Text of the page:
The MAP News
Together we’re protecting mangrove forests.
EL SALVADOR - Mangrove forests provide a wide array of valuable ecosystem services and play a critical role in climate change mitigation and adaptation. They sequester vast amounts of carbon from the atmosphere, slow coastal erosion, and form a natural barrier that protects coastal communities from extreme weather. Mangrove ecosystems are a refuge for juvenile fish, a nesting habitat for migratory birds, and a breeding ground for sea turtles. They also provide sustainable economic opportunities for local communities who fish and develop ecotourism initiatives. The most extensive remaining mangrove forest in Central America is located in El Salvador's Bay of Jiquilisco. Unfortunately, El Salvador has lost sixty percent of its mangrove forest coverage since 1950, and continues to lose mangroves at a rate of 681 hectares (1683 acres) each year. This loss threatens the livelihoods and safety of the communities and wildlife that depend on the health of this ecosystem for their survival. READ MORE
Cost of coastal environmental degradation, multi hazard risk assessment and cost benefit analysis : Ghana
This document presents the report identification and justification of disaster risk management and climate change adaptation measures for Ghana. It aims to identify possible adaptation options to reduce, prevent and mitigate risks, through ecosystems reinforcement and other measures. DOWNLOAD HERE
Community celebrates nine years of mangrove restoration
INDIA - As an environmental protection initiative, a group of volunteers have planted more than 150,000 mangrove saplings from 2009 which have now grown into 7 ft tall mangrove plants. 5th June is celebrated as the World Environment Day across the world. This initiative began in 2009 and till today nearly a stretch of 15km of mangroves has been reforested. To mark the celebration of “World Environment Day”, June 4th, teachers from NARBHAVI VIDYALAYA primary school, Gandhi Nagar near Neyveli Township, Thiyagavalli, a coastal village in the Cuddalore District, Tamil Nadu, visited the mangrove forests in Thiyagavalli. The benefits of mangroves to mankind were explained to them by Mr Arjunan Elayaraja, Secretary, Aalamaram NGO. They were given saplings to plant along the banks of the back waters. The team of 36 teachers happily planted the saplings and promised to spread the benefits of reforestation and afforestation to the students community. The arrangements were done by the volunteers of the Aalamaram team. READ MORE
A robotic fish could help mangroves grow
THIALAND - Mangrove forests are important ecosystems. Their tangled roots hold land in place, preventing the sea from washing it away. Those roots also shelter young fish and other animals as they grow. But the mangrove forests of Thailand have come under threat. People have cut many of them down to build fish farms and expand cities. Some efforts to regrow mangrove forests have been successful; others, not so much. Naphat Cheenchamrat, 18, and Pattharaphol Chainiwattana, 16, wanted to figure out why. For mangroves, mud matters. And to find out if mud is thick enough to plant new mangroves, the pair have just what everyone needs: a fish robot. Naphat is a senior and Pattharaphol a junior at Bangkok Christian College in Thailand. The two brought their muddy results here, to the Intel International Science and Engineering Fair (ISEF). READ MORE
Monitoring mangrove forests after aquaculture abandonment using satellite images
INDONESIA - Revegetation of abandoned aquaculture regions should be a priority for any integrated coastal zone management (ICZM). This paper examines the potential of a matchless time series of 20 very high spatial resolution (VHSR) optical satellite images acquired for mapping trends in the evolution of mangrove forests from 2001 to 2015 in an estuary fragmented into aquaculture ponds. Evolution of mangrove extent was quantified through robust multitemporal analysis based on supervised image classification. Results indicated that mangroves are expanding inside and outside ponds and over pond dykes. However, the yearly expansion rate of vegetation cover greatly varied between replanted ponds. Ground truthing showed that only Rhizophora species had been planted, whereas natural mangroves consist of Avicennia and Sonneratia species. In addition, the dense Rhizophora plantations present very low regeneration capabilities compared with natural mangroves. Time series of VHSR images provide comprehensive and intuitive level of information for the support of ICZM. READ MORE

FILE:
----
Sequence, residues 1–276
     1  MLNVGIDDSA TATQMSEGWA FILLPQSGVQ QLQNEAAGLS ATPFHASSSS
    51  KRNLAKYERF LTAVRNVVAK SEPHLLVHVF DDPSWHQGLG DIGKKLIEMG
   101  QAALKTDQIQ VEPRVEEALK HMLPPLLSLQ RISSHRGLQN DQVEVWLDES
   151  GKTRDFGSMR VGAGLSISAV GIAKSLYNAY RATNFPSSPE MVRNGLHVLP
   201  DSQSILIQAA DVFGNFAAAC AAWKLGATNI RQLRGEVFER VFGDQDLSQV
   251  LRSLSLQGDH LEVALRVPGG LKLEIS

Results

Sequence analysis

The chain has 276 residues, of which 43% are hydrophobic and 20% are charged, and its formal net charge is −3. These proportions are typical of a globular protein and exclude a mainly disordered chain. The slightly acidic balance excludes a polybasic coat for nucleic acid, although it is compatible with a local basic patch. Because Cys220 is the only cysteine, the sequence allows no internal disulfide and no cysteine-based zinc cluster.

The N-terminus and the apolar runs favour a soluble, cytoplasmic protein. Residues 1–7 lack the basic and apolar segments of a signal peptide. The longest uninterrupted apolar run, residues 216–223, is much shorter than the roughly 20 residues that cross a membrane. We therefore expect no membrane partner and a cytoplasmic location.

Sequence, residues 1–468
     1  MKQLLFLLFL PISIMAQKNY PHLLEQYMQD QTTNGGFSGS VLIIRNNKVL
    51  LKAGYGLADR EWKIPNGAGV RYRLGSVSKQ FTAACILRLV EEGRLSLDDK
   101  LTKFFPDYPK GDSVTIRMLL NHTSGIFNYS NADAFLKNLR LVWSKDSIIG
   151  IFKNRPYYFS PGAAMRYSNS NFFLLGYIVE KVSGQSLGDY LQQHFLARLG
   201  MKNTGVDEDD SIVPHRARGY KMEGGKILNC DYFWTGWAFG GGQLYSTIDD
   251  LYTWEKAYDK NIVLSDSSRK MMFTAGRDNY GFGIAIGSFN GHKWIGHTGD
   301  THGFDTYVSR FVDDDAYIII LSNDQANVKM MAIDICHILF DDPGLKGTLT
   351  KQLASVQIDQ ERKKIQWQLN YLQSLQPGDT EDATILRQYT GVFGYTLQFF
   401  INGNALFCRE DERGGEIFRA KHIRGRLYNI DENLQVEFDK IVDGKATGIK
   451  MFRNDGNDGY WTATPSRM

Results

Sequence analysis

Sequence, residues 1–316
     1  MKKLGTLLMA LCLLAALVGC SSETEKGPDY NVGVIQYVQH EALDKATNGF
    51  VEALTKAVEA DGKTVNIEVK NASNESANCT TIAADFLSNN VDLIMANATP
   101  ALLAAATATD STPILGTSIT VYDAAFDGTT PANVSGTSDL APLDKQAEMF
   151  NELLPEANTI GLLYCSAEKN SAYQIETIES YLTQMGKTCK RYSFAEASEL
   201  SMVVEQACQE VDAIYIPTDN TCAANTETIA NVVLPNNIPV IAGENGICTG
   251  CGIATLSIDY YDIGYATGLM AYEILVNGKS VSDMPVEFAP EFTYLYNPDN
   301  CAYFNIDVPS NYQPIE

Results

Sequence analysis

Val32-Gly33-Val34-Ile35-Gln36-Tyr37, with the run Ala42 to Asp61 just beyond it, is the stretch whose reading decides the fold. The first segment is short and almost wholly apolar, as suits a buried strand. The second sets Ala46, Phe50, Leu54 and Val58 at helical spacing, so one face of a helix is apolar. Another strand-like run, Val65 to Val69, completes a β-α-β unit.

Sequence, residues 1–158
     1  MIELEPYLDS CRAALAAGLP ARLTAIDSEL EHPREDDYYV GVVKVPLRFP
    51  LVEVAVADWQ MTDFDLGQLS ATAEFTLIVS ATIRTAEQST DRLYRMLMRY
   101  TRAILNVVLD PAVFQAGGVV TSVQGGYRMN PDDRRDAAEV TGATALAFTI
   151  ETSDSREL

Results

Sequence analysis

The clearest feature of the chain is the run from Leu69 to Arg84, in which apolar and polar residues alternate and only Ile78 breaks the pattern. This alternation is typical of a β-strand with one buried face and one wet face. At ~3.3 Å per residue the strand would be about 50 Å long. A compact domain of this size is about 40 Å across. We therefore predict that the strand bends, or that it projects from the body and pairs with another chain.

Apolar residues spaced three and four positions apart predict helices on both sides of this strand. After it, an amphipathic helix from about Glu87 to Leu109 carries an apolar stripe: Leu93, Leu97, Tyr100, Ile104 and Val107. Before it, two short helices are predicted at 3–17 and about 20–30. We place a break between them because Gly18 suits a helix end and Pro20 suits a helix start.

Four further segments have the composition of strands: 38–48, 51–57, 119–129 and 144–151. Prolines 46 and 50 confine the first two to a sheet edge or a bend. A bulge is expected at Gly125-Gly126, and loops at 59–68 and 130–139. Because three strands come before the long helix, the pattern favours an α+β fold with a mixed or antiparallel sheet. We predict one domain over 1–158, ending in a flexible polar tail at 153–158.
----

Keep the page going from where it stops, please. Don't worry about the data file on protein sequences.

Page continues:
A fishing village and mangrove habitat in the Philippines faces threats of reclamation
PHILIPPINES - Obando Fishport, located north of the capital city of Manila in the Philippines, bustles with activity at 6:00 a.m. A colorful and tightly packed flotilla has gathered, fishing boats slipping and sliding carefully past each other to take turns docking. The bustle slowly fades to an idyllic backwater when traveling via pump boat to the coastal village of Taliptip in Bulakan town, Bulacan province. Its surrounding seas are home to some 5,000 fishers and salt-makers who get their bounty of fish, mussels, crabs, shrimp, and krill from these gentle waters and mangrove corridors. On this collection of small island communities, a 2,500-hectare reclamation project by the San Miguel Corporation is being aggressively pursued, threatening to convert everything in its wake into a so-called ‘aerotropolis complex’ of airports, expressways, and urban expanse. READ MORE
Dead whale sparks marine fears
THAILAND - The death of a male short-finned pilot whale with a shocking number of plastic bags in its stomach in Songkhla province has sparked grave concerns about marine debris and the threat it poses to the marine ecological system. The whale died on Friday, a few days after it was beached in Chana district on May 28, and drew wide public attention to yet another case of a marine animal ingesting human refuse after 80 plastic bags, weighing about 8kg, were found in its stomach. As a result, the Department of Marine and Coastal Resources is seizing on this opportunity to raise public awareness about marine litter, especially plastics, which are known to be responsible for the deaths of seabirds and marine mammals. Jatuporn Buruspat, the department's director-general, said on Friday, which was also World Ocean Day, that the agency will meet those in the plastic bag supply chain, including producers and users, to discuss how they can work to curb the amount of plastic that ends up in the sea. READ MORE
How Mangrove And Salt Marsh Seedlings Respond To CO2 And Drought